Especially we need to remember this because the essence of Jesus’ priesthood was his integrity – the fact that, unlike the pagan priest, he was also the real victim of the sacrifice that he had ritually celebrated. So how have we come to elevate the performance of ritual and sacrament – what might be called virtual or symbolic ministry – above what is actually more important: actual ministry, the taking of pain on behalf of others?

In stressing the priest’s obligation to provide Christian leadership, in stressing also that Christian leadership is something quite different from control, and in emphasising the need for prophetic witness, Donal Dorr is taking us towards a reintegration of symbolic and actual ministry. It is useful here to reflect upon the historical origins of their separation. The following paragraphs are taken from a standard history of our church:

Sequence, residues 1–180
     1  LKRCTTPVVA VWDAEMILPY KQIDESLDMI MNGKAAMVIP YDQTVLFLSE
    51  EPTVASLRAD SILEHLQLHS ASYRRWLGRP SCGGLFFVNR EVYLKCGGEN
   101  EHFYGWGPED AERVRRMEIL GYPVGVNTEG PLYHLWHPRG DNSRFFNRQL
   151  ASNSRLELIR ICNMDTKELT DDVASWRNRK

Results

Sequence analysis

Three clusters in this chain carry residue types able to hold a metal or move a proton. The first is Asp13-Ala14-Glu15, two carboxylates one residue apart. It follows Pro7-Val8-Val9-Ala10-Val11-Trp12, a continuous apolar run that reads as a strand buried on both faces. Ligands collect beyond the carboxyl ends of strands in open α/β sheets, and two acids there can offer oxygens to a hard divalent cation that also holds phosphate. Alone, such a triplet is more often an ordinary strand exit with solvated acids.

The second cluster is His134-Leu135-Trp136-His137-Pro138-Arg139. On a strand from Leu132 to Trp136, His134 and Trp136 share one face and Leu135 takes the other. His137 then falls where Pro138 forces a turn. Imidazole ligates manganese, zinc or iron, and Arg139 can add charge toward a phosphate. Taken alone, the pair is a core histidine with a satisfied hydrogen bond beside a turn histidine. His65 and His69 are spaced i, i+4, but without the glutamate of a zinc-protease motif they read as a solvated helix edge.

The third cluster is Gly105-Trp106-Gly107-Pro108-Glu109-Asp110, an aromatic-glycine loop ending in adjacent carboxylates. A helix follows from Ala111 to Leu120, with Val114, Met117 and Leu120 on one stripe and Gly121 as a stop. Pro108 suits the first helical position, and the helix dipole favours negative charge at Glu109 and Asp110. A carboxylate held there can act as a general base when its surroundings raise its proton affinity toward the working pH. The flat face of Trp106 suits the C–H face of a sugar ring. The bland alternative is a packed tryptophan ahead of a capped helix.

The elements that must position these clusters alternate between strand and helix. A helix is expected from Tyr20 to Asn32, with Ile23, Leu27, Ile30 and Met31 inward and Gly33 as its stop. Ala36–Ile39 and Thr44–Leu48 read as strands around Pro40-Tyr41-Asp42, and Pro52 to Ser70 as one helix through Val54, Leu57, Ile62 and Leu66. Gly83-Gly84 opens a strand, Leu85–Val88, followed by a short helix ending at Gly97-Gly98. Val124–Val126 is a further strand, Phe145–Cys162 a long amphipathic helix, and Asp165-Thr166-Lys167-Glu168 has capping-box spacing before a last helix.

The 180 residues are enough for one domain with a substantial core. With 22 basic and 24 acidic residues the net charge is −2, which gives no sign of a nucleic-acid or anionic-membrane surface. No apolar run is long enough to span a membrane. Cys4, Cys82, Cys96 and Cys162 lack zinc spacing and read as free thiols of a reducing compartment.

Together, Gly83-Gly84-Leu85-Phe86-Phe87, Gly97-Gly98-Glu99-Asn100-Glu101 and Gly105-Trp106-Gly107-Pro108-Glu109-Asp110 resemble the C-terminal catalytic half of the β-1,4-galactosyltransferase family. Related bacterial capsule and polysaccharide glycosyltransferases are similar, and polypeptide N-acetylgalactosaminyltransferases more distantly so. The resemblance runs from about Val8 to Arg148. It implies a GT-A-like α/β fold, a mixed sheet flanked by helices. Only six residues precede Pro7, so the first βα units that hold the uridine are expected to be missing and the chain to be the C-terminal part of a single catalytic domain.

“The clergy at first were not sharply differentiated from the laity in their lifestyle: The clergy married, raised families, and earned their livelihood at some trade or profession. But as the practice grew of paying them for their clerical work, they withdrew more and more from secular pursuits, until by the fourth century such withdrawal was deemed obligatory.

“An important factor in this change was the increasing stress laid on the cultic and ritualistic aspects of the ministry. At first the Christian presbyter or elder avoided any resemblance to the pagan or Jewish priests and, in fact, even deliberately refused to he called a priest. He saw his primary function as the ministry of the Word. The ritualistic features of his sacramental ministry were kept in a low key. Even as late as the fifth century, John Chrysostom still stressed preaching as the main task of the Christian minister. But the image of the Christian presbyter gradually took on a sacral character.